DIY VEGIE BAGS
Instructions by Transition Town Guildford
Photos by Robyn Rosenfeldt
You will need:
- Some lightweight fabric
- A4 paper x 2 sheets, a ruler, pencil and glue
- Cord (about 75 cm for this pattern)
- Sewing machine, thread and pins
Step 1. Make your pattern
Take one of the sheets of paper and fold it in half lengthwise. Glue the other sheet along that centre line. On the right edge, measure down 6 cm and mark. This is your marker for where the drawstring goes.
Step 2. Cut your fabric (using your pattern)
Fold your fabric, right side to right side, and pin the pattern to the fabric. Don’t forget to cut a notch on the right edge where you marked the drawstring entry point.
Step 3. Time to start sewing!
3a. First, sew the right side from the notch to the bottom. Use a straight stitch that’s quite small.
3b. Then you can use an iron to flatten the seam allowances up to the top of the bag.
3c. Change your sewing machine to a tight zig-zag and sew around the drawstring opening. Change your stitch back to straight stitch, and sew the other two sides of your bag (bottom and left-hand side).
Step 4. Sew the tunnel with the drawstring
4a. Using your zig-zag, sew a narrow hem along the top of the bag.
4b. Then fold down a wider hem, and use your straight stitch to sew down the edge to make a tunnel for the drawstring. Start and end at the drawstring entry point.
Step 5. Insert drawstring
For this pattern, the cord needs to be about 75 cm long. If you’re using a different size pattern, measure across the top of the bag two and a bit times. Lastly, using a safety pin (tie one end of your drawstring cord to the safety pin), thread your drawstring through the tunnel and tie the ends together so it doesn’t unthread itself.
This is a great project to do with kids. The pattern is very forgiving.
UPCYCLED ORANGE BAG
Instructions and photos by Holly Jenkins
You will need:
- An orange bag
- Needle and thread, or sewing machine
- Scrap fabric
- An iron
Cut both ends off the orange bag, and as gently as possible, remove any labels. Sometimes labels will leaves small holes in the bag, but not to worry, we’ll patch them over later. Next cut the bag in half to make two groovy upcycled orange bags.
If there are any holes in the bag, patch them over using strips of scrap fabric or cut out shapes. Hand stitch over smaller holes or use a tight zig-zag stitch on the sewing machine.
Reseal the bottoms of the new bags. To do this, grab some sturdy scrap fabric and cut a strip that’s just slightly longer than the length of the opening (about an extra 2 cm). The width of the strip will be about 4–6 cm.
Fold along the long edge of the strip on both sides, so that the edges are meeting in the middle. Iron the folds to keep them in place.
Lay the strip flat with the folded side facing you, then lay the opening of the orange bag over the top half of the strip. Next, fold the bottom up over the orange bag so that it is sandwiched between both sides of the strip. Pin and sew. Be sure to use a close zig-zag stitch so that the net is tightly secured.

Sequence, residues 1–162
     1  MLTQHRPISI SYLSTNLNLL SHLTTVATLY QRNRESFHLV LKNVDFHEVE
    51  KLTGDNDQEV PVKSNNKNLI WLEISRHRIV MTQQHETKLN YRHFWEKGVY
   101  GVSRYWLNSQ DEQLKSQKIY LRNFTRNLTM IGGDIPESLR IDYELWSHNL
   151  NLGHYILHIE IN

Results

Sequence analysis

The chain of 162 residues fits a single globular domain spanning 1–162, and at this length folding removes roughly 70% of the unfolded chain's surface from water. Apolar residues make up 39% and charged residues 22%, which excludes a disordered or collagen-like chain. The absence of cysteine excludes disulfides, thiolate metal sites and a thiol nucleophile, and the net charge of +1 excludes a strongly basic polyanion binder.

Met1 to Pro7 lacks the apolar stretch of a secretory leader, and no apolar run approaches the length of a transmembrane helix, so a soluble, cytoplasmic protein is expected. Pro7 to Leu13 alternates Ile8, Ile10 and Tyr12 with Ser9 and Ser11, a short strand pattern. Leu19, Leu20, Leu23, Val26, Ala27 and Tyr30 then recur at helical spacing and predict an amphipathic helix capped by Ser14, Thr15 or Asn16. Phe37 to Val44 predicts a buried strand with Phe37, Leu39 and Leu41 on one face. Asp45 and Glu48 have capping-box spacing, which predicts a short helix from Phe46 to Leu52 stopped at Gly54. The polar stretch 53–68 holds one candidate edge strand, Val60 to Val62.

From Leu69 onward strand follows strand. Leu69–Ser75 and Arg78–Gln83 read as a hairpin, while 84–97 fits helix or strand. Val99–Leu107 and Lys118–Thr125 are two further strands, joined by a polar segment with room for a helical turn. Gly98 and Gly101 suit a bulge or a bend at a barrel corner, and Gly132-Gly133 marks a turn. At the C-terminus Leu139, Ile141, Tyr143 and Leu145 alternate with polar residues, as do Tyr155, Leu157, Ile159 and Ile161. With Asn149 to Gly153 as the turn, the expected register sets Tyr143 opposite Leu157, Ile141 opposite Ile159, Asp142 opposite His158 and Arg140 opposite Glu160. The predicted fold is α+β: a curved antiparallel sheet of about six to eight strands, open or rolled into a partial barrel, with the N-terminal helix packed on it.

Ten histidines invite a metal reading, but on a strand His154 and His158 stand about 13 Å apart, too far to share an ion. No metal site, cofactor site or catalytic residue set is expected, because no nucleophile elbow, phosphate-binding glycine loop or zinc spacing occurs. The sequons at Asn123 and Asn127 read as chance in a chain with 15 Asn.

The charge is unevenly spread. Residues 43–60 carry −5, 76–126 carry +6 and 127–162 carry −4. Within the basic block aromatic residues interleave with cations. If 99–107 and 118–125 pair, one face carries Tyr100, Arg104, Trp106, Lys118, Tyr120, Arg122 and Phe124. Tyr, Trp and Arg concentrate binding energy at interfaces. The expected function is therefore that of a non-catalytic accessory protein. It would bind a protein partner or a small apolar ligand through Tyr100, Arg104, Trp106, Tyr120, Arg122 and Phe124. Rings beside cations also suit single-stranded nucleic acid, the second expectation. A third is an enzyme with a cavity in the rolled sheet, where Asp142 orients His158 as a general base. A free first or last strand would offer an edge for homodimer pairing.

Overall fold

Reinforce the opening of the bag. Make another strip (the same as in step 4), but this time it has to be long enough to go around the entire opening of the bag. Pin and sew.
Next make the carry straps. To do this, make two more strips (as in step 4). The length of the strips depends on how long or short you want your straps to be. Our bag straps are made from 50 cm strips folded in half. Pin and sew one strap on each side of the reinforced opening.
Snip off any stray threads, patch over any sneaky holes, trim any ugly edges, and voil.!
Instructions and photos by Maude Farrugia
You will need:
- A sewing machine
- Scraps of fabric in contrasting patterns (the main pattern for the outside and contrasting for inner and strap)
- Fork, spoon, knife and reusable straw
- Cut 2 x rectangles 15 cm x 45 cm in main and contrasting patterns
- Cut 1 x rectangle 5 cm x 65 cm of the contrasting fabric
Step 1. Create the strap
Out of your longer rectangle, press the edges 1 cm over all around and then fold in half lengthways, tucking short ends under at each end. Stitch flat to create your outer strap.
Step 2. Attach the strap
Find the centre of your strap and pin it to your main fabric rectangle, in the centre, 15 cm from the base. Stitch securely in place with a 1 cm x 1 cm square.
Step 3. Join the main and contrasting fabrics
Pin the 2 rectangles, right sides together, ensuring you bunch the strap in the centre so it won’t get accidently sewn! Sew a 1 cm seam around the perimeter of the rectangle, leaving a 10 cm gap at the bottom left hand corner. Snip corners off, trim edges, turn inside out and press flat.
Step 4. Form the cutlery pouches
Road test your cutlery pouch spacing with the cutlery you intend to use in it. First, fold up the bottom flap of the rectangle, until the fold is 2 cm from the strap. Flip over and pin edges in place. We found our fork needed 3 cm, our spoon 3.5 cm, reusable straw 2 cm and knife 3 cm. You want pouches to be taut, but not so tight that you can’t squeeze items into them. Use pins to mark each pouch and sew vertical lines between the base of the rectangle and the top of this flap. Sew a few reinforcing lines horizontally across the top flap of the pouch if you like, to keep it flat.
Now you’re ready to stuff your pouches and roll, crisscrossing the strap around the rolled pouch to keep it secure.